Charles Clews

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Charles Clews

Charles Clews was born in Senglea on 27 September 1919.

He was a comic actor and script writer. Clews was one of the very first contributors to the local Maltese radio (then Rediffusion). He had found a great solace in his mother-in-law about whom he used to joke constantly, depicting her as a monster when in fact she had been an angel. He married Anne in 1943 and they had eight children; Hilary (deceased), Miriam, Jane, Irene, Norman, Kenneth, Alan and Kevin. Charles Clews worked as a surveyor at the Admiralty Dockyard complex (now Malta Shipyards), from where he left to start a career in journalism.

During his lifetime his greatest love was the stage and the radio. He had started acting in Senglea, but his acting career was established in concerts for the workers at the dockyards during the constant bombardment of the Second World War, with air-raids frequently cutting short their shows. The authorities had encouraged the raising of morale in the face of grave danger that workers faced in their perilous work. His jokes kept the men laughing even during heavy bombardments.

He was the backbone of The Stage Commandos, the stage company that came out with a new style of comedy in 1945 and was very popular all over the island, having performed in all the principal theatres of the two islands. Their repertoire included sketches, plays and musicals. The Stage Commandos had won the Bajda u Ħamra award in the one act play competition at the Radio City Opera House in 1947.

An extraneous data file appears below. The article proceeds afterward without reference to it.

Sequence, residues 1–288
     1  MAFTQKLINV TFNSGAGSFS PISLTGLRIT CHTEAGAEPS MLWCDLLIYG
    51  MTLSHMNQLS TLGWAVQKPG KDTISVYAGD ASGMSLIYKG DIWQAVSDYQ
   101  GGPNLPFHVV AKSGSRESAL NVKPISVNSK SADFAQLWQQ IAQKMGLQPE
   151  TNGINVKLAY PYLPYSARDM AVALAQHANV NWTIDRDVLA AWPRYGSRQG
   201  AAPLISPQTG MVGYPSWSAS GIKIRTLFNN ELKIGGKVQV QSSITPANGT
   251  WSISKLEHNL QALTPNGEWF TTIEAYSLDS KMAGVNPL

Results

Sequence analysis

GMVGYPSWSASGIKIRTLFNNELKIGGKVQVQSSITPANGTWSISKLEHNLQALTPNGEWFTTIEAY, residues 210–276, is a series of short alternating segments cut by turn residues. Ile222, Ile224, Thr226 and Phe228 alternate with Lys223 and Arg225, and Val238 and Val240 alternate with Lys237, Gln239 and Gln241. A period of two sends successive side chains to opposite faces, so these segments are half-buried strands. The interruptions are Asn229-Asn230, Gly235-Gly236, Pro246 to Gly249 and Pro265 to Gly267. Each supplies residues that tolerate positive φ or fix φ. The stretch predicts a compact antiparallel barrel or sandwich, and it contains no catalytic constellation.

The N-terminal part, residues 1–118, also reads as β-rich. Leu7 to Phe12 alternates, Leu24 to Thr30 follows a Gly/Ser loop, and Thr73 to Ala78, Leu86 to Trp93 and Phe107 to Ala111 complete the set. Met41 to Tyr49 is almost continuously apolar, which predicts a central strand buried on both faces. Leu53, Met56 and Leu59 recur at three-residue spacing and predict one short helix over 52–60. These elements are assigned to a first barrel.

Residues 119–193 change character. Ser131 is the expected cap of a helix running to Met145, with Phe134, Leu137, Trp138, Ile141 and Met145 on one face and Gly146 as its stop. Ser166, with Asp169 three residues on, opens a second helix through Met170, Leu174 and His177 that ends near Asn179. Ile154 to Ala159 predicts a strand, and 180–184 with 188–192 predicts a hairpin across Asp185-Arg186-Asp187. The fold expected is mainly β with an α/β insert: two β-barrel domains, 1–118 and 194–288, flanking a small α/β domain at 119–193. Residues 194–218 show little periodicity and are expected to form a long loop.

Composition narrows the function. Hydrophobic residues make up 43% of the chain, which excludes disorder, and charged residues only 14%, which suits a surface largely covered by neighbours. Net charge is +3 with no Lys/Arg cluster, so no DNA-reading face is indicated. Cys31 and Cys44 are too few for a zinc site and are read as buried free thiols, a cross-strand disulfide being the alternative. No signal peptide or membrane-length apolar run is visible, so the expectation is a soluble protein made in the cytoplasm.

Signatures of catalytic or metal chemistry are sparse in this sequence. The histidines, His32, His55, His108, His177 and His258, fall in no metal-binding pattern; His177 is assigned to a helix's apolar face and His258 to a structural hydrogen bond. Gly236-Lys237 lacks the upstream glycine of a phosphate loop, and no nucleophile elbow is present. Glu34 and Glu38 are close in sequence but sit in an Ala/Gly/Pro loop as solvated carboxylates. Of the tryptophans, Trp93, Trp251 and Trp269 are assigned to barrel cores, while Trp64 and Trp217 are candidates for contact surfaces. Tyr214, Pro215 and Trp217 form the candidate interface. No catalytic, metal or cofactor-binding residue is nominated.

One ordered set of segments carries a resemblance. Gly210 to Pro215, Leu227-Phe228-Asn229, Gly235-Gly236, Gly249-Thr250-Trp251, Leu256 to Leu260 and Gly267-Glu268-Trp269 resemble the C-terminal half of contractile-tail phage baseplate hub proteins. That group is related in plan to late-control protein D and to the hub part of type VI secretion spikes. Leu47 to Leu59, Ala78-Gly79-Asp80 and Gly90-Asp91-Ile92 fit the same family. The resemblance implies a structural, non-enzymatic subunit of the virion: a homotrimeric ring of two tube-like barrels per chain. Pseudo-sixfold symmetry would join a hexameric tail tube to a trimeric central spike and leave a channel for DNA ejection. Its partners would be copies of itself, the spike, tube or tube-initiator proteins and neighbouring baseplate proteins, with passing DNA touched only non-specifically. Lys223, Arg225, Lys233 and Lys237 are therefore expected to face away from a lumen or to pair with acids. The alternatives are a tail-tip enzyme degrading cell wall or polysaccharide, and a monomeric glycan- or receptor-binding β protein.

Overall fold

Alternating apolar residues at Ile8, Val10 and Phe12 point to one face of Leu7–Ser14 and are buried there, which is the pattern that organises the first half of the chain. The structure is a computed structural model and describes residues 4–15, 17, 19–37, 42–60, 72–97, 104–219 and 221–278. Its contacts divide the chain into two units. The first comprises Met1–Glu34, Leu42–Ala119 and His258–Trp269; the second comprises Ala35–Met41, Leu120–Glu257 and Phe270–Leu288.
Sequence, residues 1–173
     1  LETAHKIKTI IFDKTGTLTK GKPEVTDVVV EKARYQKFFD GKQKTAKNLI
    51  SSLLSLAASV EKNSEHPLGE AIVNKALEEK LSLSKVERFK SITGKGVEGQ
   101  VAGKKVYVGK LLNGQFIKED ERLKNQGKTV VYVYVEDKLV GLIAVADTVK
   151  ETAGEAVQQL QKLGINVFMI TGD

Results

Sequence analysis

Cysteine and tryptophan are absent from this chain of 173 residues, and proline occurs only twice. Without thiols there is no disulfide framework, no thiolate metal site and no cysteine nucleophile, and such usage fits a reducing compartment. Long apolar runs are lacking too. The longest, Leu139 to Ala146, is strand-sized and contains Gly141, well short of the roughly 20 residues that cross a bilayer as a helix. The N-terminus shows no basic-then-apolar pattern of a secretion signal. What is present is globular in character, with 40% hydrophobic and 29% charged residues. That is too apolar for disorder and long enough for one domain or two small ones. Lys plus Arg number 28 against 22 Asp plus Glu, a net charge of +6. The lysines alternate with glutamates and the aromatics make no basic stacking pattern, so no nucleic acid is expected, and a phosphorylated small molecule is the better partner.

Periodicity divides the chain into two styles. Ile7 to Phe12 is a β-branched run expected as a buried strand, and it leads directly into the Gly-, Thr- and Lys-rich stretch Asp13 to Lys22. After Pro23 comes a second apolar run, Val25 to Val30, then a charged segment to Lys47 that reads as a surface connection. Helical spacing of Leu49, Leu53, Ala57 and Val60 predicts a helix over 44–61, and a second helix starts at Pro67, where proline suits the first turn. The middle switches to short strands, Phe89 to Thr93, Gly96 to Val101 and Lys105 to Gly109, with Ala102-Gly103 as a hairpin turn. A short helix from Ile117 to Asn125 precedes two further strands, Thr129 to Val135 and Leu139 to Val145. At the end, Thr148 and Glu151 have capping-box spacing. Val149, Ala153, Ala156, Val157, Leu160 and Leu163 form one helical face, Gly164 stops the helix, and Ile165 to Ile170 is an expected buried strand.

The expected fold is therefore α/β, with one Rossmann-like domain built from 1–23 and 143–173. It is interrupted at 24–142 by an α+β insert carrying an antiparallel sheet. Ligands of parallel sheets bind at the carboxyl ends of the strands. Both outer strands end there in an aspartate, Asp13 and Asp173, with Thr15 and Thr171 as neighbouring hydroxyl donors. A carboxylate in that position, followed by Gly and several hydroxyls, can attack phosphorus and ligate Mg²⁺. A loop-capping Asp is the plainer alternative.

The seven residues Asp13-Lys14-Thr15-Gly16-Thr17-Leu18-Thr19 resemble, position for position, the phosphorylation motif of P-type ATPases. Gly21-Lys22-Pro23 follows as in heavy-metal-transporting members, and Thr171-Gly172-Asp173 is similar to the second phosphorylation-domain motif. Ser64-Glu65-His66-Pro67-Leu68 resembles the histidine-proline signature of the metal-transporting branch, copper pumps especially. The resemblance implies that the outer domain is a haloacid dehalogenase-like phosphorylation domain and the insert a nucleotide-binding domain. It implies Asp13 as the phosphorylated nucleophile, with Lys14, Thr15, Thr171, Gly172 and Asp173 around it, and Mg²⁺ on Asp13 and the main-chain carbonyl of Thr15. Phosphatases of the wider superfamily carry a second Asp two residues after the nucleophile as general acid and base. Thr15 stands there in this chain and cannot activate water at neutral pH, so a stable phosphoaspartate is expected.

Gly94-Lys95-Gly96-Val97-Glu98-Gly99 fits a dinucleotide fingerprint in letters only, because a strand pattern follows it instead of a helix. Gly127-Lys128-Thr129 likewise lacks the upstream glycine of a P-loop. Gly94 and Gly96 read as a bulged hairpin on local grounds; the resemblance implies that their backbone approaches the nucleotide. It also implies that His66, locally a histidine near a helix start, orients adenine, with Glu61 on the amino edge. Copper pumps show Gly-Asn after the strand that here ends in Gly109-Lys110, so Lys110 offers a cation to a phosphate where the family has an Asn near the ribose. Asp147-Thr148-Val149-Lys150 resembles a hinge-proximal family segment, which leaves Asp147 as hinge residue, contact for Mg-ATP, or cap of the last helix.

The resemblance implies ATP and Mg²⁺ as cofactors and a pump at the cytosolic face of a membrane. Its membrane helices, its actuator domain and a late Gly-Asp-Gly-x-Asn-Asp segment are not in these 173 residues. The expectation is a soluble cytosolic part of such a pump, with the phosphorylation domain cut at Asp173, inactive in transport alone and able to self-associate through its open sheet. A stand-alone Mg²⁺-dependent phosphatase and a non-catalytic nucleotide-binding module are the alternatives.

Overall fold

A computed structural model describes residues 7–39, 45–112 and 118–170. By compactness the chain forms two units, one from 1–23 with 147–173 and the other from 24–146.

Clews was the driving force of the Radju Muskettieri (The Radio Musketeers). Although he worked closely with a number of other well known personalities, his closest partner was Johnny Catania. Some other well known actors in his team included Gemma Portelli, Armando Urso, Vitorin Galea, Johnnie Navarro, Terry L. Bencini, Josette Ciappara, Nosi Ghirlando and Ġuża Caruana.

During a period when the listeners had very little to amuse them, Clews and his friends used to keep the Maltese islands laughing from programme to programme. Apart from his own series, Clews also helped in children’s programmes. He and Johnny Catania never missed one of the Christmas parties for needy children. Later on, during the 1970s he invented the weekly comic adventures of the mischievous boy Fredu Frendo Sghendo played by Johnny Navarro who used to amuse the young (and not so young) listeners with his (mis)adventures.

Persons of a certain age can still hum some of his limericks and funny songs. It is understood that there are a number of recordings with his comical sketches. Perhaps his greatest success was the comical soap opera Karmena Abdilla which had a run of some two years culminating in a sumptuous wedding on the Radio City Theatre stage. Played by Nosi Ghirlando, the play was repeated in nearly every hall in Malta, Gozo and abroad.

Considering the many thousands of Maltese that have settled in Australia, many musicians and actors are regularly invited to present shows down-under. Clews had been invited twice. The first time was in November 1964 when he amused his audience together with another comic, Johnnie Navarro. In November 1984 he travelled with his buddy Johnny Catania when they had huge success all over Australia.

For three years (1955 to 58) he was appointed as Chairman of the Stage and Film Censors Board. Even with arthritis, Clews kept himself busy until his death. Since 1959, for 47 years, he wrote a weekly humorous column in the Maltese newspaper It-Torċa and the Antenna Magazine. Some of his works include: Ali Babì, Hotel Żewwiġni and Don Rodrigo (all three being musical comedies); l-Imġermda(an adaptation of Cinderella), many sketches, one act comedies and plays.

As a token of appreciation, in December 1996 Clews was awarded the Midalja għall-Qadi tar-Repubblika (The Medal for Services to the Republic), and two years later he was awarded the Trophy for a lifetime entertainment to the nation.

He died on 29 January 2009 at the age of 90.

See also

External links

  • One Hundred Years of Laughter - Raphael Vassallo interviews Toni Sant for MaltaToday about Charles Clews' legacy marking 100th years since his birth in 2019